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The ep gives Shinichi and me one last shock when we see a corpse with hair similar to Satomi’s in the hall, but it’s not her. In a vicious beat of dark humor, Shinichi repeats Satomi’s line of “I mistook you for someone else.” The other two students wig out and run right into their deaths, but Shinichi goes into full Get Hitomi To Safety Mode, and damn the consequences of the abilities he exposes.

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Things really escalated fast for Shimada, who was probably going to try to keep the experiment going as long as he could, but the universe wasn’t having it, and in the end he resorted to his killer instincts. A firing squad of pea-shooting cops riddle him with holes before he kills them all. Migi wants Shinichi to leave it to the cops, who will eventually bring something of a larger caliber to bear, but feeling responsible for the Shimada mess to begin with, Shinichi insists on ending him personally.

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He does so…with BASEBALL. The most violent and deadly sport in human history — if a few rules were tweaked a bit, that is. Conceding to Shinichi’s wishes, Migi makes sure this is done right, giving him an awesome muscle monster arm to nail Shimada mortally through the heart from over 300m away.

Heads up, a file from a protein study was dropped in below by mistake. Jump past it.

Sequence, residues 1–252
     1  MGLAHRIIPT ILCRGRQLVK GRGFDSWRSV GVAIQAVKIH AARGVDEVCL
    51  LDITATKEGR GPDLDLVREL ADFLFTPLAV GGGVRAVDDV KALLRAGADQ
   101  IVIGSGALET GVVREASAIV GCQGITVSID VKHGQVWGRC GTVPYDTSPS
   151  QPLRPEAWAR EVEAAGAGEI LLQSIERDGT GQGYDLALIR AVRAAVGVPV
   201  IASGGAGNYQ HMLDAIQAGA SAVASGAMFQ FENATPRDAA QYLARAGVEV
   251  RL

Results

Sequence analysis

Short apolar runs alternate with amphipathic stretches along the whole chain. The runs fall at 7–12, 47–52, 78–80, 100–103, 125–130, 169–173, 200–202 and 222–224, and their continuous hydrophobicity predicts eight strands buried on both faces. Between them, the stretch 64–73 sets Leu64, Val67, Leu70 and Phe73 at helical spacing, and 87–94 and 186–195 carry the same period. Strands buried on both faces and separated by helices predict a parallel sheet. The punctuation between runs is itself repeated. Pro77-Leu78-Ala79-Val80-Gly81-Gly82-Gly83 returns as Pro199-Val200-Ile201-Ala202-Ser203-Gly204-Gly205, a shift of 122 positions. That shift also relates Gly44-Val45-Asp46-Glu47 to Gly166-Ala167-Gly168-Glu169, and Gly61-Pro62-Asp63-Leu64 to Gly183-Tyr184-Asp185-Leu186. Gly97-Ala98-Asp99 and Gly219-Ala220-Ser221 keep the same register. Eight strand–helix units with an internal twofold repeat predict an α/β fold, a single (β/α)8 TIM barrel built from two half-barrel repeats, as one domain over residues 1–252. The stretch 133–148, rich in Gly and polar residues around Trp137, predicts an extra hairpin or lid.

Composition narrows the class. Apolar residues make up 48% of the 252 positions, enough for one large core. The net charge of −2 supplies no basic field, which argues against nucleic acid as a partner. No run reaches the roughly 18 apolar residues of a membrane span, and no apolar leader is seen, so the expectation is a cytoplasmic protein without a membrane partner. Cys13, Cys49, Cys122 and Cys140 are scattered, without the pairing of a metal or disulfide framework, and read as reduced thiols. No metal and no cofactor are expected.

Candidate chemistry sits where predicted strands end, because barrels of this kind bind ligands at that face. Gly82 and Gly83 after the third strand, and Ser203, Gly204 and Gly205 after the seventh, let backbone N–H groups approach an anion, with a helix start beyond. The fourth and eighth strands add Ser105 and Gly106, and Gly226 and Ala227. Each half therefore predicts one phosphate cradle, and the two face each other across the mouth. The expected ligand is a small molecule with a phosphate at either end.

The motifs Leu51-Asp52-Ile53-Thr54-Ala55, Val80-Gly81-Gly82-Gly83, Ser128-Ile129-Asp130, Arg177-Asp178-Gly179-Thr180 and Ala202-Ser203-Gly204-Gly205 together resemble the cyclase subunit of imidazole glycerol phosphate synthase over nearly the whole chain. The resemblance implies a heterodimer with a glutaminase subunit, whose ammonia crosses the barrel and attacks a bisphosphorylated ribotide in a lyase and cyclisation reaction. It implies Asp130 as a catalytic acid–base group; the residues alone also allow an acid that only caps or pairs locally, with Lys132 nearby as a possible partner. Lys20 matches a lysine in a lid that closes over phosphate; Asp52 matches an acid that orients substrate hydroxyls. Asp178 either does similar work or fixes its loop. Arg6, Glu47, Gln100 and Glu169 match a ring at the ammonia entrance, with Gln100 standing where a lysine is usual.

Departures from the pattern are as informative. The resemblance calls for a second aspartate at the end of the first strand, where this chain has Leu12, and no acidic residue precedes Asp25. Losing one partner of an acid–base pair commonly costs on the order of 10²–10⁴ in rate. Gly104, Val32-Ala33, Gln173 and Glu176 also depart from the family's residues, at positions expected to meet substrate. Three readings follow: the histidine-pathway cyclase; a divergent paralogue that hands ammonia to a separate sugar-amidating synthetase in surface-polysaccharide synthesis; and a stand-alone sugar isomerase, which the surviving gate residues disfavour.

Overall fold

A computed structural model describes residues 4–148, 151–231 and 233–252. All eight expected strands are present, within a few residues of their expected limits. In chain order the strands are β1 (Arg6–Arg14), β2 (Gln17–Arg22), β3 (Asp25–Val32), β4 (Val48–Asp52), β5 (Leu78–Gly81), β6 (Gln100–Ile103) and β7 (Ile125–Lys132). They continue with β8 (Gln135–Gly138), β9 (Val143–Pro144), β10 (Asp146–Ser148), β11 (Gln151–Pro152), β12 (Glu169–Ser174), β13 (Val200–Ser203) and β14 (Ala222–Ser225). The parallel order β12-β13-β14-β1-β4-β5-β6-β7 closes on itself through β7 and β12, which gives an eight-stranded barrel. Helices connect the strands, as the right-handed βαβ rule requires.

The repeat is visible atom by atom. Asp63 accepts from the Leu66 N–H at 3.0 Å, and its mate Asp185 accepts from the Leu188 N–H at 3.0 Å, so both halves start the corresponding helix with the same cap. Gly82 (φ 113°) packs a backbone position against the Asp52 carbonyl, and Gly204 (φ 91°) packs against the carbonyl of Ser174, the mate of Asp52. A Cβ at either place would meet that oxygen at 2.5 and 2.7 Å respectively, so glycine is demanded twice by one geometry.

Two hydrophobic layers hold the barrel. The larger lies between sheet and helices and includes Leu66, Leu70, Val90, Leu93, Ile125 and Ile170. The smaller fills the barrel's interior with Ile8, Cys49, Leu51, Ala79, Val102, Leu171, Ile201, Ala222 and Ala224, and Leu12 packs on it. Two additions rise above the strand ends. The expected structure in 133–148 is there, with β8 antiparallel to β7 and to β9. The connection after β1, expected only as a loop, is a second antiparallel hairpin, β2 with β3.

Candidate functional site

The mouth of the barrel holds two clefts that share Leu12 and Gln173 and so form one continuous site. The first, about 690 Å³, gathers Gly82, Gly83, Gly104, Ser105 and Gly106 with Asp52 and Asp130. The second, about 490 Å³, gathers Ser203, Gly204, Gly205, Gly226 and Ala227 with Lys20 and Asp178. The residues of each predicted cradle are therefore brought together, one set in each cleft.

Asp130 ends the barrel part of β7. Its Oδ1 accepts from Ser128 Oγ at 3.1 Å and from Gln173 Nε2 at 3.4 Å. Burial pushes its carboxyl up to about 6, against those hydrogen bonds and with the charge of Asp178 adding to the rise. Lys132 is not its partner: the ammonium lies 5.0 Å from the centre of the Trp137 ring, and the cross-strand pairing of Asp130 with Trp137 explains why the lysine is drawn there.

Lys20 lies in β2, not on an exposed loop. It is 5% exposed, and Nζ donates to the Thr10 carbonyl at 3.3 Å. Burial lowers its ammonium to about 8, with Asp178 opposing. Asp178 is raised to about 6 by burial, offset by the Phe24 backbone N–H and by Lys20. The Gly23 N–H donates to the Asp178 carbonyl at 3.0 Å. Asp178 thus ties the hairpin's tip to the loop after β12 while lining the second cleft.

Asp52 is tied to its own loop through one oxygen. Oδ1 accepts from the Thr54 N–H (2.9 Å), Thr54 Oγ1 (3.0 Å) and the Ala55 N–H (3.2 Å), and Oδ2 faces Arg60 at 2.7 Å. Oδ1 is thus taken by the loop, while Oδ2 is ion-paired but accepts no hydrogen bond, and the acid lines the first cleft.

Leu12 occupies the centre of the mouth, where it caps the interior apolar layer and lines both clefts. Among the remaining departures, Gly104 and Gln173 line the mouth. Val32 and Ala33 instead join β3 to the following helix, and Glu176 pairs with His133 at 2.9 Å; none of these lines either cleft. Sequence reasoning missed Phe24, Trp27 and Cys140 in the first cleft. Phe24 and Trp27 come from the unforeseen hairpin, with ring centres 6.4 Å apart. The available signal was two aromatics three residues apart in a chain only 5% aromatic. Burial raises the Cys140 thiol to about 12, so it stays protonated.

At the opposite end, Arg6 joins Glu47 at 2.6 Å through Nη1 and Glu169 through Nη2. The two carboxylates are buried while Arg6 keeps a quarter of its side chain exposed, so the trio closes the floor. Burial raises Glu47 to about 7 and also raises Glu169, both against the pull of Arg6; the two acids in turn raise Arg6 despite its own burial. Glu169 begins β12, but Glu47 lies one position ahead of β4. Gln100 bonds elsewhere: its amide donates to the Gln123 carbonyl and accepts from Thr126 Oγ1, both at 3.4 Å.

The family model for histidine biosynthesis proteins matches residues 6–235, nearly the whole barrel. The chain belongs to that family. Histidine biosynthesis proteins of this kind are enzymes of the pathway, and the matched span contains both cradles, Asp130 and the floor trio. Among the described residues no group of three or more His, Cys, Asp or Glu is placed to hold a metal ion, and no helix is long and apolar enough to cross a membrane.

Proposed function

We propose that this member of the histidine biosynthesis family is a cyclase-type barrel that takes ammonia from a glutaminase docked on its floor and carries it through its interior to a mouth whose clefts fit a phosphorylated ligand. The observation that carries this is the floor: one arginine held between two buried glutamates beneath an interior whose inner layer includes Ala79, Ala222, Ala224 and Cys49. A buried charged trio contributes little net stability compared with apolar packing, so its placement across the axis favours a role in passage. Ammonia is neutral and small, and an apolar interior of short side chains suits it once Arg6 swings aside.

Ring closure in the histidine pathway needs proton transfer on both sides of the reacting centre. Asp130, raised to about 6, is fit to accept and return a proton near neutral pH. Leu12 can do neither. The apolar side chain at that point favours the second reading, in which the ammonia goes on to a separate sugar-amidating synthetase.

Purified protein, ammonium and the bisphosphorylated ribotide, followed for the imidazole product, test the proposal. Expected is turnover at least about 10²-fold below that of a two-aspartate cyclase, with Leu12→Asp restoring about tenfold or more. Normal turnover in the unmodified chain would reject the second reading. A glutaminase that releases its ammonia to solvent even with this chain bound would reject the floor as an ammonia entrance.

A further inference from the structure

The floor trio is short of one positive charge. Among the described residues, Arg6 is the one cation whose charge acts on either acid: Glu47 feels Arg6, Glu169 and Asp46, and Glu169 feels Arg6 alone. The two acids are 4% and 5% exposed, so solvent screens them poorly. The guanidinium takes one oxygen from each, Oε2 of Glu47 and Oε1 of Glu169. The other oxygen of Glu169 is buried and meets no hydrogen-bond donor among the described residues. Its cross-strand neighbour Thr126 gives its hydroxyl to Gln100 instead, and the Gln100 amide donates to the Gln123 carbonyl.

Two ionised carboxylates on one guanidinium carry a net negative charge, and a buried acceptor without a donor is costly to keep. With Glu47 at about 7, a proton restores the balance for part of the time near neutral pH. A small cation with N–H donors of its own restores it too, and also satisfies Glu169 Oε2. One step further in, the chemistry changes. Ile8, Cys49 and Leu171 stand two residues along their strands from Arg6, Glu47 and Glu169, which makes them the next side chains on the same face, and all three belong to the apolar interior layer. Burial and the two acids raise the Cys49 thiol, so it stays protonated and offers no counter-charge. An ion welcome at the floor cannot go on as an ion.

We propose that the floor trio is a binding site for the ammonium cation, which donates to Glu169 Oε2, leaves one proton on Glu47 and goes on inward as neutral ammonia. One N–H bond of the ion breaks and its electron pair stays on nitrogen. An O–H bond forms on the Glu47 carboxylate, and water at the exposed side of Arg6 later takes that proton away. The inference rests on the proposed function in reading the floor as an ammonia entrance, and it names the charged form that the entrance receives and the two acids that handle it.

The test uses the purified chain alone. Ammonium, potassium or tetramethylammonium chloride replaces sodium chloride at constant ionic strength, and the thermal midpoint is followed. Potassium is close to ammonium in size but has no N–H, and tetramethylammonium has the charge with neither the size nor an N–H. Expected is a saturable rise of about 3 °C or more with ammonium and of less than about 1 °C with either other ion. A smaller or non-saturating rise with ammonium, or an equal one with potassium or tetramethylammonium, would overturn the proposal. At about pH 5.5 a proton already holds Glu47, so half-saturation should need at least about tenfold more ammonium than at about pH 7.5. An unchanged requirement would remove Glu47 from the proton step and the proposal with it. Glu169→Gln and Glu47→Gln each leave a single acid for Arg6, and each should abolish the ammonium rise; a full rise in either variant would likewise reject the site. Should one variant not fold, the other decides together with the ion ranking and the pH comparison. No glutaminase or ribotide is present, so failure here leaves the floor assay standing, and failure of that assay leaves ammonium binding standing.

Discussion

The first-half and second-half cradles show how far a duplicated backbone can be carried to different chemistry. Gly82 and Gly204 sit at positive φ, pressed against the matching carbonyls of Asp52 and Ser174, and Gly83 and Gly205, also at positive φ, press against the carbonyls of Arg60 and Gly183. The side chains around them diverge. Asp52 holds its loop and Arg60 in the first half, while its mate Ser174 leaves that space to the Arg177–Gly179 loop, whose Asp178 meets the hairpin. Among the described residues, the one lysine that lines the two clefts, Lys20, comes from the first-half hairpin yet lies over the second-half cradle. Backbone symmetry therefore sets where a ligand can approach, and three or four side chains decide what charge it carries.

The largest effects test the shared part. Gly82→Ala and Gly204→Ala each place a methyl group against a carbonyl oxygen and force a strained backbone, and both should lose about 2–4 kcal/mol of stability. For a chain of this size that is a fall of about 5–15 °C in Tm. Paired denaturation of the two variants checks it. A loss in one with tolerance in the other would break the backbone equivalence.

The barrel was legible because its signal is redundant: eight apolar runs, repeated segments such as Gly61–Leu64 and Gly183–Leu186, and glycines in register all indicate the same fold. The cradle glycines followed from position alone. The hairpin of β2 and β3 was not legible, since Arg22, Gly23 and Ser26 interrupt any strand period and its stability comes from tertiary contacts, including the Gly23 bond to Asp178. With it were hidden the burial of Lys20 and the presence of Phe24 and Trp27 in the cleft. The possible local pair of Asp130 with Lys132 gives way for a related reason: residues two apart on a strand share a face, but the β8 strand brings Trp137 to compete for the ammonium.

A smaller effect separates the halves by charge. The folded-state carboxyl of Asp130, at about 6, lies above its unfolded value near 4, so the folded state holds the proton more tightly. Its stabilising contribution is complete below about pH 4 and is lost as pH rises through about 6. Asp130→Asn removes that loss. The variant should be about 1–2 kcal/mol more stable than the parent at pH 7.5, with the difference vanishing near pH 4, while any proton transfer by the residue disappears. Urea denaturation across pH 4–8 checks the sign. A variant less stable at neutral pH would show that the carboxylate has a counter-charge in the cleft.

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The final butcher’s bill? 17 deaths, including students, faculty, and police. But because everyone who saw Shimada in Battle Formation is either among those 17 or scarred from the trauma of the situation, the police and media keep the incident under wraps.

In a big room with a big desk (and a Big Board!), Professor Yui cheerfully briefs the assembled authorities on the nature of the parasites, which he calls “sentient muscle”, and how to detect them: By plucking a hair from the one you suspect. Of course, that assumes it will let you live long enough to pluck the hair and do something about it, which is assuming a lot.

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Still, I guess it’s better than nothing. After a few days, school starts back up (presumably after all the blood was mopped up) and Shinichi runs into a cautious but cordial Murano, who apologizes for not responding to his texts, but thanks him profusely for saving her.

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Shinichi suggests they not dwell on the horrors of the past, and when he does, he doesn’t just mean forgetting about the harrowing bloody experience Satomi just went through, nor the fact he bounded around around like a superhero while she was in his arms. No, he also wants her to forget about all the awful exchanges they had prior to Shimada going postal.